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Railways: Saver Fares

Volume 691: debated on Thursday 26 April 2007

asked Her Majesty’s Government:

What representations they have received about the withdrawal of saver fares on the railways.

My Lords, no train operator has advised the Government of any plans to withdraw saver-style flexible walk-up fares on the railways.

My Lords, I thank the Minister for that reassurance, as we are most concerned about the affordable walk-up market. He says that newspaper reports that saver fares are under threat are false. Does he know of any proposals to reduce the period over, or change the day on, which they are available?

My Lords, I know of no firm propositions to do so, although there is of course some flexibility with saver fares. As the noble Lord rightly says, saver fares are incredibly popular and a commercially attractive product; they account for some 50 to 60 per cent of journeys on typical inter-city routes. We all recognise their value. I do not think any train operating company worth its salt would want to dispense with them.

My Lords, does the Minister agree that, in the interests of tackling climate change, there should be no financial encouragement to take internal flights or use a motor car? Does he agree that to try to get the cheapest train fare is a lottery in comparison with which gambling on the horses is a scientific activity?

My Lords, I agree with the noble Lord’s point about encouraging people to use the railways. We should all try to use rail as much as possible. I am sometimes disturbed that we get misleading reports, comparing rail fares with air fares. On most inter-city routes, rail is the cheaper option.

My Lords, does the Minister agree that the saver ticket is the bedrock of railway tickets for non-business travel? Does he further agree that flexibility is an advantage of rail travel that ought to be retained?

My Lords, I have already made it clear that we are completely at one there. I share the noble Lord’s desire to see that saver fares remain in place and operate well. They are an attractive option, ensuring that rail travel is within the scope of most people’s pockets. So yes, of course.

My Lords, much of our discussion runs contrary to what is happening. Rail fares are going up by much more than inflation each year. The Government’s policy of reducing overcrowding on trains seems to be pricing people off them. That runs contrary to our green policy debates encouraging people to take the train. Can the Minister say something about what we are going to do to keep fares at a reasonable level?

Nonsense, my Lords. The number of people on the rail network is 40 per cent higher than it was when Labour came to office. With Labour in Government, rail fares have fallen. Regulated fares have been limited to an average annual increase equal to inflation between 1995 and 1998; 1 per cent less than inflation between 1999 and 2003; and just 1 per cent more than inflation from 2004 onwards. In 2007, regulated fares are still, on average, 2 per cent lower in real terms than in 1996. Our Government can be proud of that record.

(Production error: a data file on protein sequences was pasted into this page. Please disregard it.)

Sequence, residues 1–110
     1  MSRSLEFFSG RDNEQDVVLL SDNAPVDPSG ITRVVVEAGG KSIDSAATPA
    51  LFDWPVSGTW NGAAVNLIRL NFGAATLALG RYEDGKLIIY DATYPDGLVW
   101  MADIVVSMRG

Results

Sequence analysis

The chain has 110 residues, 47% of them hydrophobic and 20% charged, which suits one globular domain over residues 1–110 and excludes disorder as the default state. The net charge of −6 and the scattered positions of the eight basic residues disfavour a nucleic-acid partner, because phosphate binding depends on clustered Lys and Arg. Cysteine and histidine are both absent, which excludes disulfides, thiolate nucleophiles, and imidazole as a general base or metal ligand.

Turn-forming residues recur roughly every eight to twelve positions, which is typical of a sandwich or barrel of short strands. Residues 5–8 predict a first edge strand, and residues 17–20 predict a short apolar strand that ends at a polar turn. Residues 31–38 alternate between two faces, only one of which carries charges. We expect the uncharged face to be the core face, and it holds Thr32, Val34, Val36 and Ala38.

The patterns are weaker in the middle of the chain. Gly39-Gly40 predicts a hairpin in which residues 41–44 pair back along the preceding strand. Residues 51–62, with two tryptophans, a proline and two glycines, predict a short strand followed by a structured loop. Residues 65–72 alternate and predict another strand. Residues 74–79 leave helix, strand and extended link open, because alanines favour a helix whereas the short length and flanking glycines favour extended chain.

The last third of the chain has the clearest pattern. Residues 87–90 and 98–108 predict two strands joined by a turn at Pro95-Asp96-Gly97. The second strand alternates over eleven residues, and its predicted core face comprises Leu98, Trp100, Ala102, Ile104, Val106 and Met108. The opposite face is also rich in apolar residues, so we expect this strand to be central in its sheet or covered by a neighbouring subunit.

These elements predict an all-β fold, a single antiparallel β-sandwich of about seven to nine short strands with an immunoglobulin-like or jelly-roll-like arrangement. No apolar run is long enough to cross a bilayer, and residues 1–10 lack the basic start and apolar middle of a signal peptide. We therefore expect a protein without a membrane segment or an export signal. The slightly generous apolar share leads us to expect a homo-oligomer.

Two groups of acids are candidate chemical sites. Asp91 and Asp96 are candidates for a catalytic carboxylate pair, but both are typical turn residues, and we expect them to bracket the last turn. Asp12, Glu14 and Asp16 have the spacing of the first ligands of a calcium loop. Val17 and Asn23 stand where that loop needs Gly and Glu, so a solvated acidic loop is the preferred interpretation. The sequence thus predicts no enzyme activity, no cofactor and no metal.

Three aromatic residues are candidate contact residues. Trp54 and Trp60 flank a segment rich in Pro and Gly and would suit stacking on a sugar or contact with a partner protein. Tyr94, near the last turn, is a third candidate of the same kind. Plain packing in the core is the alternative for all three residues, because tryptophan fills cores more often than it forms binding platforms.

My Lords, is it not the case that the cheapest fares are unregulated, not the saver tickets? The only difficulty is that they must be bought ahead of travel, and people have difficulty finding out what is available for their journey. Does the Minister agree that much can be said for the train operators reinvigorating their publicity to make it clear that if passengers book ahead, either on the internet or by telephone, they can get some very cheap tickets? Examples on offer earlier this week for travel next week included £9.50 one way to Leeds or £12.50 to Crewe.

My Lords, the noble Lord is a veritable expert in train travel and rail fares; I would not pretend to compete with him. He makes an important point: if you book ahead—particularly using online facilities, as increasing numbers are—you can pick up some extremely good-value fare purchases. I encourage people to do exactly that.

My Lords, will the Minister be good enough to give a slightly more robust answer to the noble Lord, Lord Dubs, who asked whether the Government would encourage people to go by train rather than air or car? Does the Minister not agree that the Government interfere in our life sufficiently without doing that?

My Lords, I am delighted to hear that the noble Earl is going to become an even more regular rail traveller, and that the Benches opposite are now full of those wishing to travel by rail. I would almost invite them all to put their hands up if they have taken a rail journey this week.

My Lords, I correct the Minister. He said that I was going to become a greater rail traveller than at present. I did not say that.

My Lords, the real challenge in the medium term is capacity, as the Minister mentioned. The huge increase in rail and passenger traffic is good, but it will stretch the rail network, causing prices to increase in comparison with air travel and other forms of transport. Do the Government have an answer to capacity problems in the medium term?

My Lords, we have had a massive increase in rail investment. We have so far matched the challenge, and I see us matching the challenge of the future. We predict a 30 per cent increase in rail usage over the next 10 to 15 years. We are investing more in rolling stock, the quality of which has undoubtedly improved over the past few years. It is a challenge but one that we need to meet because of all the environmental benefits which many noble Lords recognise as a virtue of the rail network.